Last weekend, about 45 Christian postgrads, postdocs, early career academics and those who work with them gathered at Dovedale House in the tiny village of Ilam in the Peak District. Together we worshipped, listened to talks, ate, shared our stories, went on walks and even had a barn dance! Having been to the conference every year since 2008, every year I am amazed again by the excitement that develops from recognizing each other’s passion and struggles as Christians in academia.
I’m trying to be a serious academic, but sometimes it feels that considering how my faith impacts my discipline is merely an interesting sideline to my work. It’s a subject to be confined to my Christian postgrad group and occasional books read on the sly, rather than a unifying principle in my work.
A few weeks ago, we saw that redemption is the way in which God, in the person of Jesus, stepped into his creation to gain the victory over the punishment for and consequences of the fall. However, at present we still live in the ‘in-between’, knowing that we are forgiven now, but that the full revelation of God’s kingdom is yet to come. We are taught to pray ‘your kingdom come’. But how do we live in the light of this coming kingdom?
The third key element of the biblical worldview is redemption. That means God buying back what was lost. And if we take the biblical accounts of sin seriously, it’s clear that the whole created order was corrupted by the Fall. So, building on an understanding of Creation and Fall, we see that Redemption is the way that God’s original purposes for the filling and cultivating of the earth may continue despite sin. In other words, it’s not a Plan B, but the rescuing of Plan A:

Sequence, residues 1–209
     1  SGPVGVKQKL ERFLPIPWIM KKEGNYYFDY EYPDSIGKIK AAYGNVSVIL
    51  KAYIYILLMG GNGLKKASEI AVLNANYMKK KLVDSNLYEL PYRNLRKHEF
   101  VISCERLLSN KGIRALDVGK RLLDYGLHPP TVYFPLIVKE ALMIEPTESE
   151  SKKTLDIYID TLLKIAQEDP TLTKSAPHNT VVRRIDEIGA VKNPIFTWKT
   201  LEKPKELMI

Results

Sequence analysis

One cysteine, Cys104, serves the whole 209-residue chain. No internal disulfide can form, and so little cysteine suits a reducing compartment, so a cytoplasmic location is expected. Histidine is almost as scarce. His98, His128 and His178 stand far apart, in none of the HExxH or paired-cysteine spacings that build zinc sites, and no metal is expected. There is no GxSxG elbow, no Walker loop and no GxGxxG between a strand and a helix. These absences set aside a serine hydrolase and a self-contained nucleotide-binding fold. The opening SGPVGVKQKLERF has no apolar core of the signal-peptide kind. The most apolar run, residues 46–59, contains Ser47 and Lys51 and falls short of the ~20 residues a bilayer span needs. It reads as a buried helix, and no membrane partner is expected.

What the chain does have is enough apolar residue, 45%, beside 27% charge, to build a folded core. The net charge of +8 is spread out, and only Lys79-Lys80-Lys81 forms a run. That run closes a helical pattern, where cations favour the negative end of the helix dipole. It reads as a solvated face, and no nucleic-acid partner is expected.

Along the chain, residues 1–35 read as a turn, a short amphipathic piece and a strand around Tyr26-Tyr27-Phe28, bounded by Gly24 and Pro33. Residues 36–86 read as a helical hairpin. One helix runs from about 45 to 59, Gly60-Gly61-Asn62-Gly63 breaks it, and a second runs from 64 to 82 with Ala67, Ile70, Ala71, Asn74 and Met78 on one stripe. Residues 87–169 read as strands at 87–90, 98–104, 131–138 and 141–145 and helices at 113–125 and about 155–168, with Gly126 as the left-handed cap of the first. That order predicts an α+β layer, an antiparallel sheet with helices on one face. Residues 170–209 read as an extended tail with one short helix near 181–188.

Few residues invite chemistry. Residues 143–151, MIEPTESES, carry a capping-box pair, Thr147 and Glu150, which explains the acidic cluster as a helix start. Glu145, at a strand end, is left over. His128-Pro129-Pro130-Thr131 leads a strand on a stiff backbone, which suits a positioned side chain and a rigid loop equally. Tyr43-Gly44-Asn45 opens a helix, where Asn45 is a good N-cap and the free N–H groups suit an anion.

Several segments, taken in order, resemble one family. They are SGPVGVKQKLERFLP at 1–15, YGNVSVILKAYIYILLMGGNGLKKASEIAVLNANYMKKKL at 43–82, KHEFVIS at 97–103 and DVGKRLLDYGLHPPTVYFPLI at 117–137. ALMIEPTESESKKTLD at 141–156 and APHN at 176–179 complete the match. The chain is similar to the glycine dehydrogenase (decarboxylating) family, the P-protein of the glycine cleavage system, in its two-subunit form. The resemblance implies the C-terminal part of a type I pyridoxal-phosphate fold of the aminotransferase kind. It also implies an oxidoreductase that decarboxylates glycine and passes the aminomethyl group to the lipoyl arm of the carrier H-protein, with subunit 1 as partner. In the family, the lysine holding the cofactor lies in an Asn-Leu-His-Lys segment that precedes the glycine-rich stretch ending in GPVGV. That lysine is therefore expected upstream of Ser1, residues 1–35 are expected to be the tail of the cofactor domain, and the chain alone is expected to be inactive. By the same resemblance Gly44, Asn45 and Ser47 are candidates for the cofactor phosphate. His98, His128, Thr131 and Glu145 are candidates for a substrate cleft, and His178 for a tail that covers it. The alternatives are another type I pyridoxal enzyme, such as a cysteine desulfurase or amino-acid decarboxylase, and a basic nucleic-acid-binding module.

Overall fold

When you look at a mushroom, what do you see? You might be attracted by its colourful hood, or by its smell. Or you may think of mushrooms in garlic butter. When I look at a mushroom, I see the fruit body of a basidiomycete. This is because mushrooms are currently a research topic for me. And whilst I see the same object as you, I have a slightly different reaction to it.
Is there a Christian way of thinking about your discipline? I think most of us would answer, ‘Yes,’ but spelling out what that means is usually a difficult task!